1928 German federal election

Federal elections were held in Germany on 20 May 1928.[1] The Social Democratic Party of Germany (SPD) remained the largest party in the Reichstag after winning 153 of the 491 seats.[2] Voter turnout was 75.6%.[3]

1928 German federal election

← December 1924 20 May 1928 (1928-05-20) 1930 →

All 491 seats in the Reichstag
246 seats needed for a majority
Registered41,224,678 Increase 5.7%
Turnout31,165,789 (75.6%) Decrease 3.2 pp
  First party Second party Third party
  Bundesarchiv Bild 146-1979-122-28A, Hermann Müller (cropped).jpg Ottowelsportait.jpg
Arthur Crispien on the street.jpg
Kuno von Westarp.jpg Bundesarchiv Bild 146-1968-101-25A, Wilhelm Marx.jpg
Leader Hermann Müller
Otto Wels
Arthur Crispien
Kuno von Westarp Wilhelm Marx
Party SPD DNVP Centre
Leader since 1919 1924 1922
Last election 131 seats 103 seats 69 seats
Seats won 153 73 61
Seat change Increase22 Decrease30 Decrease8
Popular vote 9,152,979 4,381,563 3,712,152
Percentage 29.8% 14.2% 12.1%
Swing Increase3.8% Decrease6.3% Decrease1.5%

  Fourth party Fifth party Sixth party
  Ernst Thälmann 1932.jpg Bundesarchiv Bild 146-1989-040-27, Gustav Stresemann.jpg Erich Koch-Weser circa 1920.jpg
Leader Ernst Thälmann
Philipp Dengel
Gustav Stresemann Erich Koch-Weser
Leader since October 1925 1919 1924
Last election 45 seats 51 seats 32 seats
Seats won 54 45 25
Seat change Increase9 Decrease6 Decrease7
Popular vote 3,264,793 2,679,703 1,479,374
Percentage 10.6% 8.7% 4.8%
Swing Increase1.6% Decrease1.4% Decrease1.5%

Reichstagswahl 1928.svg
Constituencies coloured according to the party that received the largest share of the vote.

Chancellor before election

Wilhelm Marx

Resulting Chancellor

Hermann Müller

The only two parties to gain significantly were the SPD, which received almost a third of the vote, and the Communist Party of Germany (KPD), which completed a thorough victory of the left wing. However, the SPD still failed to win a clear majority, resulting in another coalition government, led by Hermann Müller.[4] Following his appointment as Chancellor, Müller, who had previously held the post for four months in 1920, created a grand coalition of members of the SPD, the German Democratic Party, the Centre Party and the German People's Party. However, the coalition was plagued by internal divisions right from the beginning, with each party more concerned with their own interests than the interests of the government. As a result, Müller asked German President Paul von Hindenburg for emergency powers, but when Hindenburg refused, he resigned, marking the end of the "last genuinely democratic government of the Weimar Republic" on 27 March 1930.[5]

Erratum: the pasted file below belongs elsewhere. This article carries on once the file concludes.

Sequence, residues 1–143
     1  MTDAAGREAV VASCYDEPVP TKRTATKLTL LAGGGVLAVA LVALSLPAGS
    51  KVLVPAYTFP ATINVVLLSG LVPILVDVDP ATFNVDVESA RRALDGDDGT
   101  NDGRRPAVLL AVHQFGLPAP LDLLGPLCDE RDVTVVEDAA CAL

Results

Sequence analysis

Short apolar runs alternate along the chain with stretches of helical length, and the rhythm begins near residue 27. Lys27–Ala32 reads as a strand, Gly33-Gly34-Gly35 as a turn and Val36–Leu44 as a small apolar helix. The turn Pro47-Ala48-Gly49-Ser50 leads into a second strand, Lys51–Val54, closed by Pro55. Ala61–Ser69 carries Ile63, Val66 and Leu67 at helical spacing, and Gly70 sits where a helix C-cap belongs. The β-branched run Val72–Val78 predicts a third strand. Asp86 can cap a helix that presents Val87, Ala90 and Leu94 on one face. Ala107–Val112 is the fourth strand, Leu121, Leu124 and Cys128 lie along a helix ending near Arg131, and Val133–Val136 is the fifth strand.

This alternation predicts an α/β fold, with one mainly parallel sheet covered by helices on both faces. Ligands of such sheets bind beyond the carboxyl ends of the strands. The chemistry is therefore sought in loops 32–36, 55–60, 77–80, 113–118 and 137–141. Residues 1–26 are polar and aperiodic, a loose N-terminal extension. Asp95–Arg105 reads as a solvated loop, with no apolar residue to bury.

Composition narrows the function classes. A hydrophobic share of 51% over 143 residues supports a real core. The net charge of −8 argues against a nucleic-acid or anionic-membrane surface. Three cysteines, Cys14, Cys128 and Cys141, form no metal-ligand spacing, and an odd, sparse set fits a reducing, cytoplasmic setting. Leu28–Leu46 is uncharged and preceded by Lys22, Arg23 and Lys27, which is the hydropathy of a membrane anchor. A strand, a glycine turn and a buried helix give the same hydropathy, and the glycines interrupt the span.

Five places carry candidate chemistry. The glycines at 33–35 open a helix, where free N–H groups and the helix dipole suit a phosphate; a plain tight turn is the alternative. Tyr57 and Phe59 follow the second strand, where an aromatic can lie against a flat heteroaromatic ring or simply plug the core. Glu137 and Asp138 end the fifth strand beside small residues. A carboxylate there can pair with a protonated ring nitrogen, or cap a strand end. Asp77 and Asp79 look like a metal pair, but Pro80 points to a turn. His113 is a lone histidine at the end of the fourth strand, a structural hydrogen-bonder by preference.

The recently reformed Nazi Party contested the elections after the ban on the party had been lifted in 1925. However, the party received less than 3% of the vote and won only 12 seats in the Reichstag. Adolf Hitler, who had been incarcerated in Landsberg prison for his involvement in the Beer Hall Putsch until Christmas 1924,[6] had concentrated on re-establishing himself as the leader of the Nazi Party after his release rather than on his party's electability.


Social Democratic Party9,152,97929.76153+22
German National People's Party4,381,56314.2573−30
Centre Party3,712,15212.0761−8
Communist Party of Germany3,264,79310.6254+9
German People's Party2,679,7038.7145−6
German Democratic Party1,479,3744.8125−7
Reich Party of the German Middle Class1,387,6024.5123+11
Bavarian People's Party945,6443.0717−2
Nazi Party810,1272.6312−2
Christian-National Peasants' and Farmers' Party571,8911.869New
Reich Party for Civil Rights and Deflation509,4711.662New
German Farmers' Party481,2541.568New
Patriotic-National Bloc266,3700.870New
Agricultural League199,5480.653−5
German-Hanoverian Party195,5550.6440
Saxon Peasants127,7000.422New
Christian Social Reich Party110,7040.360New
Left Communists80,4050.260New
Old Social Democratic Party of Germany65,7750.210New
Polish People's Party64,7530.2100
Evangelical Party of Germany52,4880.170New
German Social Party46,0470.1500
General People's Party37,3730.120New
German House and Property Owners' Party35,8460.120New
Independent Social Democratic Party20,8150.0700
Evangelical Community Spirit10,7090.030New
Christian National Middle Class Party9,9570.030New
Pastor Greber Party9,5270.030New
Revaluation and Construction Party8,5620.030New
German Reich Bloc of the Injured7,4370.020New
Reich Party for Crafts, Trade and Business6,6140.020New
People's Welfare Party6,0710.020New
Franconian Peasants3,4170.010New
Wendish People's Party3,1110.0100
Party for Justice and Tenant Protection2,8310.010New
Schleswig Club2,4350.0100
German Christian Folk Party9010.000New
Vital Interests of the Unmarried8730.000New
Masurian People's Party2950.000New
Lithuanian People's Party2890.000New
Valid votes30,753,24798.68
Invalid/blank votes412,5421.32
Total votes31,165,789100.00
Registered voters/turnout41,224,67875.60
Source: Gonschior.de

See alsoEdit


  1. ^ Dieter Nohlen & Philip Stöver (2010) Elections in Europe: A data handbook, p762 ISBN 978-3-8329-5609-7
  2. ^ Nohlen & Stöver, p790
  3. ^ Nohlen & Stöver, p777
  4. ^ Evans, D. & Jenkins, J. (1999), Years of Weimar & the Third Reich, London: Hodder & Stoughton Educational, p. 83, ISBN 0-340-70474-8.
  5. ^ Evans & Jenkins 1999, p. 88.
  6. ^ Broszat, M. (1987), Hitler and the Collapse of Weimar Germany, Oxford: Berg Publishers, p. 9, ISBN 0-85496-509-2.